By: Dr. Richard D. Arnold, Naval Medical Research Unit-Dayton Scientific Director
At Wright Patterson Air Force Base in Ohio, the Naval Medical Research Unit (NAMRU) Dayton’s aeromedical directorate conducts aerospace-relevant basic and applied research in the biomedical and behavioral sciences. Principal areas of investigation include spatial disorientation, situational awareness, motion sickness, adaptation to unusual acceleration environments, effects of altitude, sustained operations and fatigue, personnel selection testing, and visual and auditory sciences.
Our lab boasts a unique collection of man-rated acceleration research devices. These devices are used by NAMRU-Dayton researchers, as well as by visiting scientists from around the world. One of the devices is the Vertical Linear Accelerator (VLA).
The VLA is designed to generate precisely controlled vertical accelerations and serves as a platform for human research on such problems as vibration, spatial disorientation and motion sickness. Numerous studies have linked whole body vibration exposure, such as that experienced by helicopter occupants, to chronic neck and back pain, fatigue, discomfort, and even decreased situational awareness in the cockpit. Competing visual and vestibular sensory information on moving platforms can cause spatial disorientation or motion sickness. Mitigating vibration related neck and back pain, and understanding interactions between the visual and vestibular systems are critical for operational effectiveness.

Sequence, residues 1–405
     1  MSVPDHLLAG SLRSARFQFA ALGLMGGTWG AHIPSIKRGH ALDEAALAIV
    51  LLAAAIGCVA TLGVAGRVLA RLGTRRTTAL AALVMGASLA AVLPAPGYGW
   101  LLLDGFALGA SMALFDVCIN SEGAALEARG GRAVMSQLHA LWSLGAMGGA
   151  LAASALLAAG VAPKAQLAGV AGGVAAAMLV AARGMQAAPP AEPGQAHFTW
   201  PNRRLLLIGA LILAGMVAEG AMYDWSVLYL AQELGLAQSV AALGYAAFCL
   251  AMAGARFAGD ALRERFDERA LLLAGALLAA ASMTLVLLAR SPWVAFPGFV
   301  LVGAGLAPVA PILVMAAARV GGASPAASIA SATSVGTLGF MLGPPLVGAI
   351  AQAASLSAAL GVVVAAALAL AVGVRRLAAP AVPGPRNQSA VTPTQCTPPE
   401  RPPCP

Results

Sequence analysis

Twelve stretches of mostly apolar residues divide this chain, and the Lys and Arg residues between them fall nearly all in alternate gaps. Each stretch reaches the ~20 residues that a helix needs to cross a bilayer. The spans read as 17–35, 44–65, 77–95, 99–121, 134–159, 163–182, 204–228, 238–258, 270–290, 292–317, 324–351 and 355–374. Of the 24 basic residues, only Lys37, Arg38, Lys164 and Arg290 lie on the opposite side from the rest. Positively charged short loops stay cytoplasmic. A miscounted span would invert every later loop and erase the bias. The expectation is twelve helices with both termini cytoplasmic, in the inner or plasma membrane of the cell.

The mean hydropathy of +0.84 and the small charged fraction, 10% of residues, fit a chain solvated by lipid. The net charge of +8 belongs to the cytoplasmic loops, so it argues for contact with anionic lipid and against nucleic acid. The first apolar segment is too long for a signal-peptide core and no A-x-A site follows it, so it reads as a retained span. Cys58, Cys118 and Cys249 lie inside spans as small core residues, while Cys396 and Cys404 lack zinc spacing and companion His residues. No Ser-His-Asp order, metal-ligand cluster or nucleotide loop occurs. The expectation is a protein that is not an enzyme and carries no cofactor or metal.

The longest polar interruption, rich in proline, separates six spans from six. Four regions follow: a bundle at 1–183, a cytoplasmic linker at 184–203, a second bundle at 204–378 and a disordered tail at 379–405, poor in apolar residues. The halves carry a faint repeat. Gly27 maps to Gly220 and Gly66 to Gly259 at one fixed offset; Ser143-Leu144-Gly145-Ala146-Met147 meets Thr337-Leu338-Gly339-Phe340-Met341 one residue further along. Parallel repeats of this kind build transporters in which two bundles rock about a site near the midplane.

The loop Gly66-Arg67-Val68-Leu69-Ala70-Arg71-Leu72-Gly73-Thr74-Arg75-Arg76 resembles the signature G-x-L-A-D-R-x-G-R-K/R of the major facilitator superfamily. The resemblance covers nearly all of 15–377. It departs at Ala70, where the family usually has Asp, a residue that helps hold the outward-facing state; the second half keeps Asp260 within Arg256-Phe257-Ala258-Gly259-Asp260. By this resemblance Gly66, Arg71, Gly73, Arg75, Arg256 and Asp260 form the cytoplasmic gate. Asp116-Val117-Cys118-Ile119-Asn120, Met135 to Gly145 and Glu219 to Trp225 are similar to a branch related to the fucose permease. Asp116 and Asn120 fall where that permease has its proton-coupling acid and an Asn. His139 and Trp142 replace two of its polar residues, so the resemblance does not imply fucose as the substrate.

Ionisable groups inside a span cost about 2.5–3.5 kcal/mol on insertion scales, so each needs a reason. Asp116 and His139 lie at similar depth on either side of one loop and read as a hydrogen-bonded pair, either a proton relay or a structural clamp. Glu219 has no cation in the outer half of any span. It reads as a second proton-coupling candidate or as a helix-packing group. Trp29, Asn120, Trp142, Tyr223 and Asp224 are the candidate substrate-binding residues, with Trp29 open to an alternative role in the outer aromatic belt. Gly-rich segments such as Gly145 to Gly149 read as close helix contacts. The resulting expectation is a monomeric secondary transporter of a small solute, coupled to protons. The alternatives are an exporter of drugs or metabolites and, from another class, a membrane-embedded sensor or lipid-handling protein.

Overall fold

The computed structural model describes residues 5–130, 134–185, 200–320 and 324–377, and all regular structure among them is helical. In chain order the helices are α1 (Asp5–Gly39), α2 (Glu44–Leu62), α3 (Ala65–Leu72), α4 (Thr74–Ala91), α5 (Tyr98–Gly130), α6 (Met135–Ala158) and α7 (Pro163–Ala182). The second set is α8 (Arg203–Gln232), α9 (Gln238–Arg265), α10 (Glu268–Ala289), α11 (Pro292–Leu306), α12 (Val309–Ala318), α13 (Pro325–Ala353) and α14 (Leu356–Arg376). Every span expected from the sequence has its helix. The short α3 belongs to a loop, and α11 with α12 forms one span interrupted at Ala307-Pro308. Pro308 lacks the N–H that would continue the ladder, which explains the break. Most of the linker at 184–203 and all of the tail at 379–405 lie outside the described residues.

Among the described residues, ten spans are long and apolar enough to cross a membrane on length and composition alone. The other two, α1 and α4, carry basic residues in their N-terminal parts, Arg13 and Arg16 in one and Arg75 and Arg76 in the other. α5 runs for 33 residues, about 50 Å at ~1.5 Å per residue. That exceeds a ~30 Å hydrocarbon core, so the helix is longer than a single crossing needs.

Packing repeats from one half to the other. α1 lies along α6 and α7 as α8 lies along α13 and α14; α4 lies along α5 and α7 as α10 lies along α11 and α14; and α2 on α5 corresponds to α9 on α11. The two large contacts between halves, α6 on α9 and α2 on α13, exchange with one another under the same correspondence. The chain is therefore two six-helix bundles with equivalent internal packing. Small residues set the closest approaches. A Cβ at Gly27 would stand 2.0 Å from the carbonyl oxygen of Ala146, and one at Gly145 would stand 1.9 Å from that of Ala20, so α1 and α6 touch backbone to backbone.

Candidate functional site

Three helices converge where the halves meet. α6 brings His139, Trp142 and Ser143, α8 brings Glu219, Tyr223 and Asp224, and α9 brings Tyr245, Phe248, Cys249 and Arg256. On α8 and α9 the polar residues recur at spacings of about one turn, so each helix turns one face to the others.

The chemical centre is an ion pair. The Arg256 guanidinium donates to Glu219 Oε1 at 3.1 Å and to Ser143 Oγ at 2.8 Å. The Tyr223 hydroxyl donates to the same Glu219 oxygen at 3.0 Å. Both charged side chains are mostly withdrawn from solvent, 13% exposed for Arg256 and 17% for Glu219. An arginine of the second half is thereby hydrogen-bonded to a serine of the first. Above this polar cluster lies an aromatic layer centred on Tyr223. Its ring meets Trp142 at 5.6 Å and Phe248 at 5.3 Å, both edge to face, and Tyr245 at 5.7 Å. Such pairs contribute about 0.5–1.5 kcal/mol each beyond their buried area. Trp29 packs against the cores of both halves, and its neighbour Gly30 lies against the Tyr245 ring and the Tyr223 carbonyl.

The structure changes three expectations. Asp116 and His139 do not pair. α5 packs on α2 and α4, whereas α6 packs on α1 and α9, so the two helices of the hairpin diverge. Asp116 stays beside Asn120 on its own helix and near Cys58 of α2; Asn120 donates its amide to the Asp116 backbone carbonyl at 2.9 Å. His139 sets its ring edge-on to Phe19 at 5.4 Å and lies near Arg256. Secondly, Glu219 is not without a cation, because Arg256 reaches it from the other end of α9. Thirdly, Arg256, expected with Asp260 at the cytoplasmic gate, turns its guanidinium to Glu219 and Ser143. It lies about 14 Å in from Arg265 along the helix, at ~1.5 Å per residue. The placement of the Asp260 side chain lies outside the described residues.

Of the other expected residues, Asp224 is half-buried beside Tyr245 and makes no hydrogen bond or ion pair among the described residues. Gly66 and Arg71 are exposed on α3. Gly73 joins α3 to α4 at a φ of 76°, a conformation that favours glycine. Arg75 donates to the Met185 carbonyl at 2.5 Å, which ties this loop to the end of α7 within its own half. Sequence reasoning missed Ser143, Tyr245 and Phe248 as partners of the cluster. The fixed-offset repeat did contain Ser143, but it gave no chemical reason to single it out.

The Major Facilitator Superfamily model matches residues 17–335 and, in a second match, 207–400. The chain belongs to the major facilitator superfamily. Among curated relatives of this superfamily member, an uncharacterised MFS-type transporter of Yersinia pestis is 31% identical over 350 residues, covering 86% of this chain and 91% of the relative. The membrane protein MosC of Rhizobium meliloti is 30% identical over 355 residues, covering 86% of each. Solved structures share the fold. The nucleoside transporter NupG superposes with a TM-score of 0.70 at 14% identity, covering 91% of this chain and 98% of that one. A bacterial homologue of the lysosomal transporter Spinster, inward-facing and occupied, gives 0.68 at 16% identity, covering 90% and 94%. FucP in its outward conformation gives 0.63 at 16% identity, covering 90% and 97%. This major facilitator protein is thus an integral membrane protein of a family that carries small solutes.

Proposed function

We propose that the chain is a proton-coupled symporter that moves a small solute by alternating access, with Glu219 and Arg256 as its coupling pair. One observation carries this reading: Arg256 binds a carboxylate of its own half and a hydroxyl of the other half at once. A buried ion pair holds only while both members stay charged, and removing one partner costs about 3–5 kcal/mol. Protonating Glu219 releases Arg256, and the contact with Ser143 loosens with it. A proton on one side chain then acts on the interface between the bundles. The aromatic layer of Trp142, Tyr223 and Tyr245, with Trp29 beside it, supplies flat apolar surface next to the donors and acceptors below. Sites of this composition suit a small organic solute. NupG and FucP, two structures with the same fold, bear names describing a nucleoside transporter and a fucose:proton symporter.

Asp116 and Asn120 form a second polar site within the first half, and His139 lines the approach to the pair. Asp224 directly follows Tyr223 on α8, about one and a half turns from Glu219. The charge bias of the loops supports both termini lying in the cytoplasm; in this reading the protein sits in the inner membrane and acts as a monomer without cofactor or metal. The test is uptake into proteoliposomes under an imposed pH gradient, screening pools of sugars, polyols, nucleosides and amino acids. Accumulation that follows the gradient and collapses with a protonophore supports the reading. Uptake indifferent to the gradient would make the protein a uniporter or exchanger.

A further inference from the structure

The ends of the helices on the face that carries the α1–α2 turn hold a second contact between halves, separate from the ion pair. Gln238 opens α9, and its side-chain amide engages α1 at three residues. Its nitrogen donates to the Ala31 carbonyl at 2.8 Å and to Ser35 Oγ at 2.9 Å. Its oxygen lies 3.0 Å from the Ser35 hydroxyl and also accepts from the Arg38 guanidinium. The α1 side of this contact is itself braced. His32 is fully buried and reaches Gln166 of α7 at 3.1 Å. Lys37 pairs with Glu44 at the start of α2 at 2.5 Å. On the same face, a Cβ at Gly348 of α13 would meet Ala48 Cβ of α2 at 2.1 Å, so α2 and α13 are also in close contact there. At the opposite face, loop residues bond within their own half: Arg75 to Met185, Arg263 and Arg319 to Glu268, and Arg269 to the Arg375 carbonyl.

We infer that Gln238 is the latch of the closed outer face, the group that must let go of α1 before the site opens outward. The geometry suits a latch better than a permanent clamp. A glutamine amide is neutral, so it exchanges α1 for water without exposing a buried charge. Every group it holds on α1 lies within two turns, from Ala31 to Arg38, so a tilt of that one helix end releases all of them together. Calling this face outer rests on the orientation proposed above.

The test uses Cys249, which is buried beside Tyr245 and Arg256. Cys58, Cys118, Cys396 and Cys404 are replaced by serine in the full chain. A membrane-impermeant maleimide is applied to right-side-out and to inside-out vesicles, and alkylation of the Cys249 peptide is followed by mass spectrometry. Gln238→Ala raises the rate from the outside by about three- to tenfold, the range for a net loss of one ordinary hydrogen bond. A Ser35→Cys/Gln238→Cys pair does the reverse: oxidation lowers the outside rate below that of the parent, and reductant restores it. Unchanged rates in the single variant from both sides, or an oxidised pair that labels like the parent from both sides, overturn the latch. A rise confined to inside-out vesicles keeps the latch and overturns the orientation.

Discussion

The VLA possesses a stainless steel monolithic column, which allows 12 feet of vertical travel distance. For vibration research, low amplitude oscillations on the order of 0.1 G can be produced at frequencies between 4-25 Hz, a physiologically relevant range, and a range mirrored by the blade passing frequency of airframes currently in the DoD inventory. For vestibular research on applications such as motion sickness, sinusoidal accelerations of up to +/- 1 G can be produced at frequencies between 0.1 – 2 Hz. Air bearings between the column and carriage reduce velocity dependent noise and vibrations, minimizing external cuing to the volunteer subject. A fully reconfigurable carriage provides great flexibility allowing for the integrating of up to 400 pounds of payload which can include volunteer subjects, alternative seating design, visual displays, or other equipment.
For more information on NAMRU-Dayton visit our web site: http://www.med.navy.mil/sites/nmrc/Pages/namrud.htm